The Nevada Privacy Law (SB-220) vs. the California Consumer Privacy Act (CCPA)

September 17, 2019

Different shades of green

For the last year, the California Consumer Privacy Act (CCPA) has dominated the attention of most privacy professionals and businesses across the United States, until now. On May 29, 2019, Nevada officially approved Senate Bill 220 (SB-220), amending Nevada’s existing online privacy law from 2017 (NRS 603A.300- 603A.360). Effective October 1, 2019, the amendment now provides consumers the right to opt-out of the sale of their personal information. Although the two laws share some obvious similarities, like the right to opt-out of the sale of personal information, there are some very clear differences between the two. Let’s break them down.  


Nevada Privacy Law

The Nevada Privacy Law applies to online businesses, services, and operators of Internet websites. The law defines “operators” as people who: 

  • Own or operate an Internet website or online service for commercial purposes; 
  • Collect and maintain covered information from consumers who reside in Nevada and use or visit the Internet website or online service; and 
  • Engage in any activity that constitutes a sufficient nexus with Nevada to satisfy the requirements of the United States Constitution. Such activity includes purposefully directing activities toward Nevada, consummating a transaction with Nevada or a Nevada resident, or purposefully taking advantage of the privilege of conducting activity in Nevada. 

The law also exempts the following entities: 

  • A third party that operates, hosts or manages an Internet website or online service on behalf of its owner or processes the information on behalf of the owner of an Internet website or online service; 
  • Entities regulated by the Gramm-Leach-Bliley Act (GLBA) or the Health Insurance Portability and Accountability Act (HIPAA)
  • A service provider to an operator; or 
  • A motor vehicle manufacturer or a person who services a motor vehicle who processes covered information that is either 
  • (1) retrieved from a motor vehicle in connection with technology or service related to the motor vehicle, or 
  • (2) provided by a consumer in connection with a subscription or registration for a technology or service related to the motor vehicle.


The CCPA applies directly to a “business,” which is an entity that:

  • Handles personal information about California residents, 
  • Determines the purposes and means of processing that personal information,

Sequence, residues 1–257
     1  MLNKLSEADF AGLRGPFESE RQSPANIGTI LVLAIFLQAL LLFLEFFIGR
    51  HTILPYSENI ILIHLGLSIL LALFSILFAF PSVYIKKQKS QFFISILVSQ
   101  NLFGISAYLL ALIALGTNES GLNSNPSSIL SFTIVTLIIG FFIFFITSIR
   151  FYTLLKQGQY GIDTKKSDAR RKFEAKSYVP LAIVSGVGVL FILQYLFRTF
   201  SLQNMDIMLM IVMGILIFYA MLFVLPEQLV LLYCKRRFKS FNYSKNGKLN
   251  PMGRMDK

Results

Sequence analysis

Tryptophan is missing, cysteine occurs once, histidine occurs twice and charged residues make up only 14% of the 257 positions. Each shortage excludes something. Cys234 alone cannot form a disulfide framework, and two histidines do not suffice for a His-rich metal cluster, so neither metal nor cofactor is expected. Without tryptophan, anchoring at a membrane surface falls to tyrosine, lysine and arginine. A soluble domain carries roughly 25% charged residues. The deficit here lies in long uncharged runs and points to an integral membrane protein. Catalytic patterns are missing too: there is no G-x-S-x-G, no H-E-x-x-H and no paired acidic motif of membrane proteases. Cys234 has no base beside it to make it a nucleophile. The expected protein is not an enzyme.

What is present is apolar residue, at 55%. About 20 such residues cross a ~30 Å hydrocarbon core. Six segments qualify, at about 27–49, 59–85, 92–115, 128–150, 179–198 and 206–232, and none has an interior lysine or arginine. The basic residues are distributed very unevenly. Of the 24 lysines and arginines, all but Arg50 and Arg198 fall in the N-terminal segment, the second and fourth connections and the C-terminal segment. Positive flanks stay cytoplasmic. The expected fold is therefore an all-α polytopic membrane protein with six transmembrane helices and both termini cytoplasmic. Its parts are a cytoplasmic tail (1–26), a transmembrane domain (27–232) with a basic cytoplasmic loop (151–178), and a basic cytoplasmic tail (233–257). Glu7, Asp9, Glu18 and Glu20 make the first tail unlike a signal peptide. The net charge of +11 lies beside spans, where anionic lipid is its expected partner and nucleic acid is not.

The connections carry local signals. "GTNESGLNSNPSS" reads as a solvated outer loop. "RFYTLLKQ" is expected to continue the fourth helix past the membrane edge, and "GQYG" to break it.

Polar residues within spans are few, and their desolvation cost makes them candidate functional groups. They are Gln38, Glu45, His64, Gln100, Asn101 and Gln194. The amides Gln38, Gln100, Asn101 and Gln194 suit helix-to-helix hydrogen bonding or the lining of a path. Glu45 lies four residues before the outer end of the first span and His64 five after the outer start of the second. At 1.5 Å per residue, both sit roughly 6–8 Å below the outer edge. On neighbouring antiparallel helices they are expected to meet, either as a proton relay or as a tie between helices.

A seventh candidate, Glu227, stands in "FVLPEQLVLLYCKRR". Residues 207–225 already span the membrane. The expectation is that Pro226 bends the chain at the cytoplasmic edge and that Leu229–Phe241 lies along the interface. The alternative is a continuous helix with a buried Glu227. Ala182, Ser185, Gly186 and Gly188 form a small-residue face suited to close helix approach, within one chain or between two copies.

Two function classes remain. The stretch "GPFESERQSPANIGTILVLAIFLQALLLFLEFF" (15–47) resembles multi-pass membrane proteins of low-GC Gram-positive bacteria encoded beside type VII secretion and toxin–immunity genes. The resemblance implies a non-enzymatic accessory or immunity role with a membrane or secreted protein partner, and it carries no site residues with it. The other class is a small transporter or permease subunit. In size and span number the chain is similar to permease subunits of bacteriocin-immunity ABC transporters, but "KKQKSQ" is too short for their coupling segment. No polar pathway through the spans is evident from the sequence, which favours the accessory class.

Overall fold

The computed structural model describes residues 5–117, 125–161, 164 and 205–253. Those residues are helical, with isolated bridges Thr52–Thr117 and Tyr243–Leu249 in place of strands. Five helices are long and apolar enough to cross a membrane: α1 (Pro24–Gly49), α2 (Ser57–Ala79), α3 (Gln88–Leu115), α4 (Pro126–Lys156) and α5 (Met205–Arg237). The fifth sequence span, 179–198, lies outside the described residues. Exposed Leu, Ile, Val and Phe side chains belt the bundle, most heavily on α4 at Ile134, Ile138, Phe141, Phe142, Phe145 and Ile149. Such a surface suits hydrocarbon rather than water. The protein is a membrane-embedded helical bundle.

• Does business in California and meets one of the following threshold requirements: 
  • Has annual gross revenues in excess of US$25 million; 
  • Annually handles personal information regarding at least 50,000 consumers, households, or devices; or 
  • Derives 50% or more of its annual revenue from selling personal information



Nevada Privacy Law

Nevada narrowly defines “sale” as “the exchange of covered information for monetary consideration by the operator to a person for the person to license or sell the covered information to additional persons.”


The CCPA broadly defines sale as “selling, renting, releasing, disclosing, disseminating, making available, transferring, or otherwise communicating orally, in writing, or by electronic or other means, a consumer’s personal information to another business or a third party for monetary or other valuable consideration.”

“Personal Information”

Nevada Privacy Law

Nevada allows consumers to opt-out of the sale of “covered information” collected through a website or online service. Under the law, “covered information” includes:

  • A first and last name. 
  • A home or other physical address, which includes the name of a street and the name of a city or town. 
  • An electronic mail (email) address. 
  • A telephone number. 
  • A social security number. 
  • An identifier that allows a specific person to be contacted either physically or online. 
  • Any other information concerning a person collected from the person through the operator’s Internet website or online service and maintained by the operator in combination with an identifier in a form that makes the information personally identifiable.